Why Having a Cool Mom is the Best and Worst Thing You Could Imagine

Long before she had me, my mom rambled around Baltimore in the ’60s with her friends John Waters and Divine.
Publish date:
June 11, 2014
moms, John Waters, cool moms

It’s a certain fact of my life that I’ll never be as cool as my mom, and not for lack of trying. I’ve interviewed fascinating people for a living, lived in some of the most exciting cities on earth, dyed my hair pale purple (before Nicole Richie), and even adopted a cat that already had the name Beyonce. None of that matters, though, because my mom is cool as hell and always has been.

Long before she had me, my mom rambled around Baltimore with her friends John Waters and Divine in the late 1960s. She’d become neighborhood pals with the shy and soft-spoken Divine (known to her as Glenn) and, before long, was getting to watch the aspiring director and soon-to-be-famous drag queen begin the first of their many offbeat film collaborations.

On a trip back to Baltimore some years ago, she pointed out the old church where she and the gang would screen Waters’s films in the basement after hours, having no clue the cultural imprint he and they would eventually make.

My entire life, Waters’s influence was always around us. Mementos from his film premieres -- which my mom usually attended -- were scattered around the house, much to my dismay. As an pimply kid looking for some semblance of normalcy, giant “Serial Mom” cereal boxes and Odorama scratch n’ sniff cards from his movie “Polyester” (with scents like “skunk,” “dirty shoes” and “flatulence”) had no context to me and made me feel like my family was putting oddities on display for any visitor to see. Where other moms filled their homes with fragrant potpourri baskets and framed portraits of their family in matching outfits, mine had cult film keepsakes and pictures of drag queens. I would beg and plead for her to just make our house “normal” like the houses of my friends.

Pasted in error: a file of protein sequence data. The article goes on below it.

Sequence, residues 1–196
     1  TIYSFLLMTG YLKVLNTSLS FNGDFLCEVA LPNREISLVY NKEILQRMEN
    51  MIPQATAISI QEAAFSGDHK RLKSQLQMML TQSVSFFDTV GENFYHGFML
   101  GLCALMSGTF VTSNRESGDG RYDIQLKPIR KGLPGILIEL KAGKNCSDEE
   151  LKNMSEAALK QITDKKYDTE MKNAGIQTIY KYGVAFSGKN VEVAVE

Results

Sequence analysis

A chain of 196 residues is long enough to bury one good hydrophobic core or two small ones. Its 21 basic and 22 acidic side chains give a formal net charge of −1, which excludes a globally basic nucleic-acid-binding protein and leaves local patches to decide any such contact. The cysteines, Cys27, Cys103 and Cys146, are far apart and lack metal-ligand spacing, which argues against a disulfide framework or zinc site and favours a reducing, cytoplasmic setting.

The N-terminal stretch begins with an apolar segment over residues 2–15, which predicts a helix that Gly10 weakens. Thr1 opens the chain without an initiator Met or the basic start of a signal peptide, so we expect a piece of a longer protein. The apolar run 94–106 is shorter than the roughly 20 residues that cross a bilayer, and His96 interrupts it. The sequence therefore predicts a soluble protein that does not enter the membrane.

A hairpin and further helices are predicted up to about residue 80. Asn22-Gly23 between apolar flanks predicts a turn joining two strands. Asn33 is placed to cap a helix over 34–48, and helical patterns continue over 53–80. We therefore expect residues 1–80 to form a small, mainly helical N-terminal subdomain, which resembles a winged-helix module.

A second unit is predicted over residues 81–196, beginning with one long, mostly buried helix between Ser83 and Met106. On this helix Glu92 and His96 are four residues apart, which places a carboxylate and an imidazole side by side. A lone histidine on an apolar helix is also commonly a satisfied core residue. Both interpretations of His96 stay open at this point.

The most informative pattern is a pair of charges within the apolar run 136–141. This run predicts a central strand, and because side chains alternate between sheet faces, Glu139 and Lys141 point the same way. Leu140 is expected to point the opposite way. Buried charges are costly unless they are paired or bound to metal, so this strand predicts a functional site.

While I was still in high school, she decided to cover a small scar on her chest with a tattoo of a colorful feather. And when I say “chest,” I specifically mean her upper, left breast. She even brought my older sister along and together they sat in the tattoo chairs, enjoying a mother-daughter tattoo day like it was absolutely no big thing. When they came home and showed off their fresh ink, I burst into tears and ran into my room, horrified by their crass weirdness.

Over the years, I finally wised up. I became a film studies major in college and was astounded to see the reaction from my peers when I’d mention my mom’s history with John Waters. As I went through my own embarrassing period of self-discovery (raver to hip hopper to indie record store employee), I embraced my mom’s unique life and keyed into what made her tick, realizing that we were more alike than I’d realized. I understood that my decision to become a film studies major was even rooted in the fact that she’d taken me to see “Pulp Fiction” its first week in the theaters when I was barely a teenager. I remembered driving home and having her explain the term “dark comedy” in connection with why it felt OK to laugh during a scene where a man’s head got shot off.

My mom and I have continued to become close friends in the years since college. While this is something that tends to happen to many women in their mid-to-late 20s, it’s felt especially enriched by the fact that no topic is off limits with my mom. One of my favorite moments was when I was high as a kite on morphine during an unfortunate hospital visit and we held hands and laughed hysterically together while I received a rectal exam in front of a room of young hospital residents.